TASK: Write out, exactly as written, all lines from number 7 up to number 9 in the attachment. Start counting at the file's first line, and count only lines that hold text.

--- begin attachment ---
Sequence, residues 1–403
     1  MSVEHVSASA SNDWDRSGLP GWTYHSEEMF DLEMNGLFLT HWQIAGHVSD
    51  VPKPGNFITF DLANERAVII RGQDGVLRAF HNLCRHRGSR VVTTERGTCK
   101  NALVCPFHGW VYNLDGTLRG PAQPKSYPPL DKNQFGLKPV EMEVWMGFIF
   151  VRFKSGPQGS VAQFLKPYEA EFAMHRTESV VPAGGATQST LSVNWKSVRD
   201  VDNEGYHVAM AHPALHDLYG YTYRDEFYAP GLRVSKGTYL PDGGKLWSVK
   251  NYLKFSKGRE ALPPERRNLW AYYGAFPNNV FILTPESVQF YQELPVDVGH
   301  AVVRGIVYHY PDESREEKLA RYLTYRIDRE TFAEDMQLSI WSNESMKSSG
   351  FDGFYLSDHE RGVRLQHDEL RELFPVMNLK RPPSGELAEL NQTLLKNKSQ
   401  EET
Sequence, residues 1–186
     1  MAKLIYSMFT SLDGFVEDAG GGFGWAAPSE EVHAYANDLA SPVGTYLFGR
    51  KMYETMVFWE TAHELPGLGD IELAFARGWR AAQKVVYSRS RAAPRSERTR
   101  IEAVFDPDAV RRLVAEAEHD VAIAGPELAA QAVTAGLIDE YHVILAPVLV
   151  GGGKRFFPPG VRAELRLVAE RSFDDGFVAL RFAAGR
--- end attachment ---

   251  NYLKFSKGRE ALPPERRNLW AYYGAFPNNV FILTPESVQF YQELPVDVGH
   301  AVVRGIVYHY PDESREEKLA RYLTYRIDRE TFAEDMQLSI WSNESMKSSG
   351  FDGFYLSDHE RGVRLQHDEL RELFPVMNLK RPPSGELAEL NQTLLKNKSQ